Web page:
Commissioner Brandon Flanagan then made a motion to approve use of the county rights-of-way as shown in the exhibits, with the understanding that any permits must go through the permitting process.

Commissioner Randall Rosenau expressed concern about liability issues.

“I’m assuming that would be part of this from the very beginning, or is that going to come in during the permitting?” Rosenau asked.

Deibert said he sees a couple of things that have to be worked out.

“That is the hold harmless, insurance, the maintenance, but to be fair with the consultant and the city, where are they comfortable moving forward?” Deibert asked. “I think it’s important that we’re not giving them a blank check to go out and occupy the right-of-way here, we’re just saying that we support the concept and think that’s the intent, so they can move forward with some surety.”

“It’s a concern that we need to address at some point,” Rosenau said. “Probably sooner than later, as far as those aspects go.”

Vig said there are the same issues that need to be addressed with the Department of Transportation, and she intends to do that.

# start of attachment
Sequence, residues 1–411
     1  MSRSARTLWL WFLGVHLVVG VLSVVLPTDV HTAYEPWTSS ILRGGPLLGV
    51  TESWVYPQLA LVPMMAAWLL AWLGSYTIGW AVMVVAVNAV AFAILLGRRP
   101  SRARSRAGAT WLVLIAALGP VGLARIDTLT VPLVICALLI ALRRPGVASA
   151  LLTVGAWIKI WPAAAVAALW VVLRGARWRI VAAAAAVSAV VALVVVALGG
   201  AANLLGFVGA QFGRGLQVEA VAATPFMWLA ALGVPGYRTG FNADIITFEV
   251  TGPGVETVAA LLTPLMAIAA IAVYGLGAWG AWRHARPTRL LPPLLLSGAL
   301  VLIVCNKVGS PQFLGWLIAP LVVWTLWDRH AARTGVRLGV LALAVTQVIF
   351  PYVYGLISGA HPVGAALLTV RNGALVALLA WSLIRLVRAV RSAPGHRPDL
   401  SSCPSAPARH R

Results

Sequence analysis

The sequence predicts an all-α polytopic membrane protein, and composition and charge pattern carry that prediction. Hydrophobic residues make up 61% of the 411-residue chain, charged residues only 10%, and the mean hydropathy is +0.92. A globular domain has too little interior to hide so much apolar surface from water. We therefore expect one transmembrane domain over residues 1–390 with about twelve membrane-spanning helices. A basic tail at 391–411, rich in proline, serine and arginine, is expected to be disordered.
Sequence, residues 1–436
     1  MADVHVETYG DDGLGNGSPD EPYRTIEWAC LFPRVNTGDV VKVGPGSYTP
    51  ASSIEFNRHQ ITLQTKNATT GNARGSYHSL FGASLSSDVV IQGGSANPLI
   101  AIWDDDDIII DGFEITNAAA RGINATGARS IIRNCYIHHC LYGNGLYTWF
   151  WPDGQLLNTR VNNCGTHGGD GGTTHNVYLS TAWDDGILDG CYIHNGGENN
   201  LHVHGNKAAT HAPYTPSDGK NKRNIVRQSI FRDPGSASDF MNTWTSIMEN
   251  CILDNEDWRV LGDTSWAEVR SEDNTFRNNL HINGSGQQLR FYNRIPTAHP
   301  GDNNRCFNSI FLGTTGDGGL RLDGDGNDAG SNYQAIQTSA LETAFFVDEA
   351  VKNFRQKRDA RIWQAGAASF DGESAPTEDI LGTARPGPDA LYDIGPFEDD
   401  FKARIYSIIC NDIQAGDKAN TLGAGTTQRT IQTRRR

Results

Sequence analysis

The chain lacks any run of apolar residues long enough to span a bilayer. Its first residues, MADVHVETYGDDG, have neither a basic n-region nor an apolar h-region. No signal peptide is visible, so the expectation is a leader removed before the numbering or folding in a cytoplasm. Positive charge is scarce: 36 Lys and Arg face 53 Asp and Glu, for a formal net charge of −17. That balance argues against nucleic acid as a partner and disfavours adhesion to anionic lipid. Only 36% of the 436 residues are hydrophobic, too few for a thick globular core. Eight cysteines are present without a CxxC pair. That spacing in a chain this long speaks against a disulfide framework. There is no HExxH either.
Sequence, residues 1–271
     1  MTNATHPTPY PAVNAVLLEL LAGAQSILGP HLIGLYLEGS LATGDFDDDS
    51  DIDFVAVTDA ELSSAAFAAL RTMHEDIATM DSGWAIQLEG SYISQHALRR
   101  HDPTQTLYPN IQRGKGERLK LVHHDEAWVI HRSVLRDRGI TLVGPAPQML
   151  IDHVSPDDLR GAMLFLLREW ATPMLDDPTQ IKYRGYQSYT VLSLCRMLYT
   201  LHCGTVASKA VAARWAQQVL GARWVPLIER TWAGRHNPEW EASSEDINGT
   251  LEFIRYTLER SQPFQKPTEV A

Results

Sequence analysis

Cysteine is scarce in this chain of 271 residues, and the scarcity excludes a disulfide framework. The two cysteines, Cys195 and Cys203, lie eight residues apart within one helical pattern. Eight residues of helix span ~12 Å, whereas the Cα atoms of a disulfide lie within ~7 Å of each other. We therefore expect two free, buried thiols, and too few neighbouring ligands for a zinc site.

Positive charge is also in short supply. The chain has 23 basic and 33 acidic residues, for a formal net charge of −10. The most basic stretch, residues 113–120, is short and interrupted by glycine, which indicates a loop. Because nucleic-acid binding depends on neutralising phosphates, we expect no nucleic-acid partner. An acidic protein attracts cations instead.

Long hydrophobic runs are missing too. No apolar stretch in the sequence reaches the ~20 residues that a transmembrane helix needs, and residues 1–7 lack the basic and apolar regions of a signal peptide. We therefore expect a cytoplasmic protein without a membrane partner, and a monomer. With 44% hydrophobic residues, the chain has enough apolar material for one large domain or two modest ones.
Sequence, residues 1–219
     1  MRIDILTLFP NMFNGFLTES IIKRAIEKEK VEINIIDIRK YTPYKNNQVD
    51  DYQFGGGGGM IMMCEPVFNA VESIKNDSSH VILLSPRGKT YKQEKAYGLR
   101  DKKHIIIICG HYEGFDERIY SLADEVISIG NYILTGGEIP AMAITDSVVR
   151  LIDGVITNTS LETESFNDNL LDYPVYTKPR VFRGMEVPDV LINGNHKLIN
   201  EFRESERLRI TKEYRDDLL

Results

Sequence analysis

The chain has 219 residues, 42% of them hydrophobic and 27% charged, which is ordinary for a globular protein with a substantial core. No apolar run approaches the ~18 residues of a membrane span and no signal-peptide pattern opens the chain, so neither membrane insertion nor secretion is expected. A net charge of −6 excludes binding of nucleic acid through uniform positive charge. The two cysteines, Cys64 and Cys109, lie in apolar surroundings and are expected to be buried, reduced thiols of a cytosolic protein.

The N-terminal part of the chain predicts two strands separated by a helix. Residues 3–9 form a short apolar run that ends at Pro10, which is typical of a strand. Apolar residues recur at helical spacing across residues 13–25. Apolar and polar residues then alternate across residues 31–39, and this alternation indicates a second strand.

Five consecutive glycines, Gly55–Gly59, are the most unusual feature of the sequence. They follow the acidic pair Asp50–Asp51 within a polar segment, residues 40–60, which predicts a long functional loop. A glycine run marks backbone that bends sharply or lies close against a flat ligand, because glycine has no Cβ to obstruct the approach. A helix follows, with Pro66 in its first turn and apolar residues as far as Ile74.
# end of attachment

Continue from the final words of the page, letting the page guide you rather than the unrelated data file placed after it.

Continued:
Cost estimates for both options include expenses related to the construction of each route and are broken down by surfacing options. Route 1, if constructed with reinforced concrete, is estimated at $1.49 million; if built with asphalt concrete pavement, approximately $1.13 million; and if built with packed crusher fines, approximately $905,000.

Route 2, if constructed with reinforced concrete, is estimated at $1.84 million; if built with asphalt concrete pavement, approximately $1.25 million; and if built with packed crusher fines, approximately $835,000.

The city of Spearfish has budgeted $1.5 million for design and construction of the project.